I was trying out a different fuelling strategy and had filled my bottles with Tailwind which is used by lots of marathon runners. Did it make a difference? I'm not sure but I'll keep trying it for a few more to see.

I didn't stop at the aid station at all and just had my card punched after each lap and headed straight back out again. It was 8 laps for a marathon o 9+ laps for an ultra marathon. After I'd completed my 9th lap I still had enough time to go out for 1 more complete lap but instead opted for doing half a lap to make it up to 50k, which is 31.1 miles, as I didn't push myself too hard given that I had to do the same again the next day.

On Sunday morning everything hurt and I was not hopeful of a good time. However, once I'd started running and the niggles had eased out a bit I settled into a decent enough pace and was delighted to finish just 9 minutes slower than the day before. I even managed a sprint finish for the last .5 mile as I didn't want that pesky Nick, see below from a different race) to catch up with me. Go leggies!

I really must write about Nick as he's been doing the most amazing things since he last made an appearance on my blog.

All in all that was a very satisfactory weekend of running and it's given me some confidence for the task ahead.

I got a trophy for both my cakes - my usual banana loaf and 2nd prize for my vegan banana cake which I've perfected at last.

The ladies got sparkly cake medals whilst the men got a more manly version.

Sparkly cakes!

My finish times were 6:20:17 for day 1 and 6:29:24 for day 2 so only 9 minutes slower which was very pleasing indeed for 50k. 

Next weekend will be the same sort of thing only on a course which is not my favourite as I've fallen over there several times and it's hillier too. I shall be taking my walking poles with me just in case.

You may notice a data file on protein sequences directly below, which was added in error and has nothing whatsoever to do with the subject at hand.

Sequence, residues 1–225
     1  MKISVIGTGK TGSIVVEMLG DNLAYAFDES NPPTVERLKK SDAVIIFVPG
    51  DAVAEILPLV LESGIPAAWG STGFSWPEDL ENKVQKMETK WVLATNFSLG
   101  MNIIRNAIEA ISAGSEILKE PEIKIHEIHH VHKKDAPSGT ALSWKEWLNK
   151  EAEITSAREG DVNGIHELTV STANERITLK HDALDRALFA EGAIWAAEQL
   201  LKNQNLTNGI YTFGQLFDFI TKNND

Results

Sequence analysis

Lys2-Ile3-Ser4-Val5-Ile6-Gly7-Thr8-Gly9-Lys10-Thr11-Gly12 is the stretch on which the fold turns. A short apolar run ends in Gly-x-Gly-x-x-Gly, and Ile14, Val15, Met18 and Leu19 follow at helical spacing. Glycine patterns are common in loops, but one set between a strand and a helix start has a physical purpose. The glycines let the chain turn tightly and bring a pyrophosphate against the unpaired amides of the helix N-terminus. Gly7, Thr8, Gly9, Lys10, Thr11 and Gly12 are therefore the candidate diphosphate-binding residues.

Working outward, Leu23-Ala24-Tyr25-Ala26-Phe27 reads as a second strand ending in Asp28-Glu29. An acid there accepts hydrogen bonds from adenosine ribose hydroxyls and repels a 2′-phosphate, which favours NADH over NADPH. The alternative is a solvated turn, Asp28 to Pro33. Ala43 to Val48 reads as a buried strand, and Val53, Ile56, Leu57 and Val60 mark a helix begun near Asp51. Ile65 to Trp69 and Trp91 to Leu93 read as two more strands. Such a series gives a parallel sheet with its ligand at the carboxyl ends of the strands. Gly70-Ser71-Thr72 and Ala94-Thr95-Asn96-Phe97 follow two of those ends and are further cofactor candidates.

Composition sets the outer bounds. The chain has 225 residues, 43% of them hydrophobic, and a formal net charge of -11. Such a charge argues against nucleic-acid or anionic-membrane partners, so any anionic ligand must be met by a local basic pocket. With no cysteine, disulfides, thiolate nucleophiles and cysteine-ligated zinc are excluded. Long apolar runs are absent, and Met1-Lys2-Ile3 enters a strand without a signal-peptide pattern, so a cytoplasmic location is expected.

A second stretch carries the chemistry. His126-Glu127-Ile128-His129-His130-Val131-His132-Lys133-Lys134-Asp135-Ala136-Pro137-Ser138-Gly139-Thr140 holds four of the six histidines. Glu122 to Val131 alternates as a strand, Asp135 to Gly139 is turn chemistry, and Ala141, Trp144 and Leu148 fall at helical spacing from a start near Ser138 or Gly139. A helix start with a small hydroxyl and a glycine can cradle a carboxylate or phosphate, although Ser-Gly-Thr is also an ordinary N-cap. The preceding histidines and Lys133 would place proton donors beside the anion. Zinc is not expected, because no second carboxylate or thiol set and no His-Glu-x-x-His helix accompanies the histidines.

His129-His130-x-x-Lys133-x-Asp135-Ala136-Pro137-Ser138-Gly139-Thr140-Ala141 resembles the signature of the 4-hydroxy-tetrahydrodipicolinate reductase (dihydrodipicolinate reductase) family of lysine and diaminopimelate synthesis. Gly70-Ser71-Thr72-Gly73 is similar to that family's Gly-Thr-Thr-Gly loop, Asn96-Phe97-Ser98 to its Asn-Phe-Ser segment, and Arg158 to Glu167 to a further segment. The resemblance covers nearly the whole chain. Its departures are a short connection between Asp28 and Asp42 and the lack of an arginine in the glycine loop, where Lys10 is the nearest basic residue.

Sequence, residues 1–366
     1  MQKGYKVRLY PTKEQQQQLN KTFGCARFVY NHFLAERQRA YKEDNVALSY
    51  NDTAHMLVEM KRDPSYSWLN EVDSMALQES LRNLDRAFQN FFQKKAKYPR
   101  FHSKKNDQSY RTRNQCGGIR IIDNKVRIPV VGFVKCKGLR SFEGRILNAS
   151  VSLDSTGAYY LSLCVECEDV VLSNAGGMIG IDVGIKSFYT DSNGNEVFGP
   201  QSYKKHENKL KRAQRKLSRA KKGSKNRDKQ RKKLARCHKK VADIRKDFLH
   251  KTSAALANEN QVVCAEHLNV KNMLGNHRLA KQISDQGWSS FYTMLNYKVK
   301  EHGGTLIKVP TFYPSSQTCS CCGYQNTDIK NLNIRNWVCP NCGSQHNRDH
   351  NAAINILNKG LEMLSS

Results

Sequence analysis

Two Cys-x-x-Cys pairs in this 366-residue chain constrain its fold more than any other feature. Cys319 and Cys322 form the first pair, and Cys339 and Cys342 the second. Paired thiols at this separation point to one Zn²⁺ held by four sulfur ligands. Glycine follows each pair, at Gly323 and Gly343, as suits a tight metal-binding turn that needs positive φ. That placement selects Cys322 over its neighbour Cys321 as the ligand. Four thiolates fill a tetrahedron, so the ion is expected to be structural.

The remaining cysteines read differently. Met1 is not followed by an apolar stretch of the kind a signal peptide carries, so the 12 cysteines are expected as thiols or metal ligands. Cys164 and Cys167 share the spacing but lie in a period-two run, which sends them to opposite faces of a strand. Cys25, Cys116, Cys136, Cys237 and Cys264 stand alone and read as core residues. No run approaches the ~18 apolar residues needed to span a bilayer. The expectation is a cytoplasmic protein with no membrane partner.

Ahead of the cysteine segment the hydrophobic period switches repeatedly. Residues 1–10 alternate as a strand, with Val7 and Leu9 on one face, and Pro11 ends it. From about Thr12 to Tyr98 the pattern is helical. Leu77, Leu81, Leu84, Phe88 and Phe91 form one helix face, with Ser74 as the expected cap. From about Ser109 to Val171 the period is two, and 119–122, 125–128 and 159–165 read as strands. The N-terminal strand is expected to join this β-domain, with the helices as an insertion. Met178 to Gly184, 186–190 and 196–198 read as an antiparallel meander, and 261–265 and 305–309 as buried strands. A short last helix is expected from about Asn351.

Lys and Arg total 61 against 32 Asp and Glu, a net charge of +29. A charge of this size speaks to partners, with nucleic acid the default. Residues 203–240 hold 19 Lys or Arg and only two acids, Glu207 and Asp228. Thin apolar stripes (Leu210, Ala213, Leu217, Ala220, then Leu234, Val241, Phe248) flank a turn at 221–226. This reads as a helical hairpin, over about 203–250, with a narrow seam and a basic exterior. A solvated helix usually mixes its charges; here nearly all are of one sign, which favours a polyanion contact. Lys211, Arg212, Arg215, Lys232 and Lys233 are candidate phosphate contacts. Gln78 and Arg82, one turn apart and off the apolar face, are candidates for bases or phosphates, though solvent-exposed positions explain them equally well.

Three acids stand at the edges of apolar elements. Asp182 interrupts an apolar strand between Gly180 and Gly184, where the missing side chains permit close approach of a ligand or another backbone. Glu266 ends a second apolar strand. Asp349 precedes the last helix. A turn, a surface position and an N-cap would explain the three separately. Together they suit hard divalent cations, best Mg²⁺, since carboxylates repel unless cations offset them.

Happy News

Several years ago the charity I support re-branded itself from Alzheimer's Research Trust to Alzheimer's Research UK. This left me with a large quantity of tee shirts in various sizes that I couldn't donate to charity as they had the logo on and I had no idea what to do with them as it didn't seem right for them just to be recycled.

Then I met a fellow runner who collected tee shirts and took them to a Christian charity in Kiyindi, Uganda so I gave them to her. The other day she sent me this lovely photo and I was delighted to see them put to good use.

Wednesday, January 3, 2018

So It Begins (with thanks to Tolkien & King Théoden for the quote)

A Happy New Year to everyone with apologies for my last gloomy post. Normal bounciness has now been resumed and positivity abounds.

2018 is well and truly on the go with marathon 135 done and dusted in torrential rain on 1st January. This was a head-down-and-grind-it-out sort of marathon as the rain started 15 minutes after we set off and didn't abate at all. We were lucky to be running on the tarmac cycle track over at Betteshanger again and you would think that it wouldn't get puddles - wrong! Great big puddles which got bigger and bigger throughout the day and you just had to splosh through them in true trail-running style.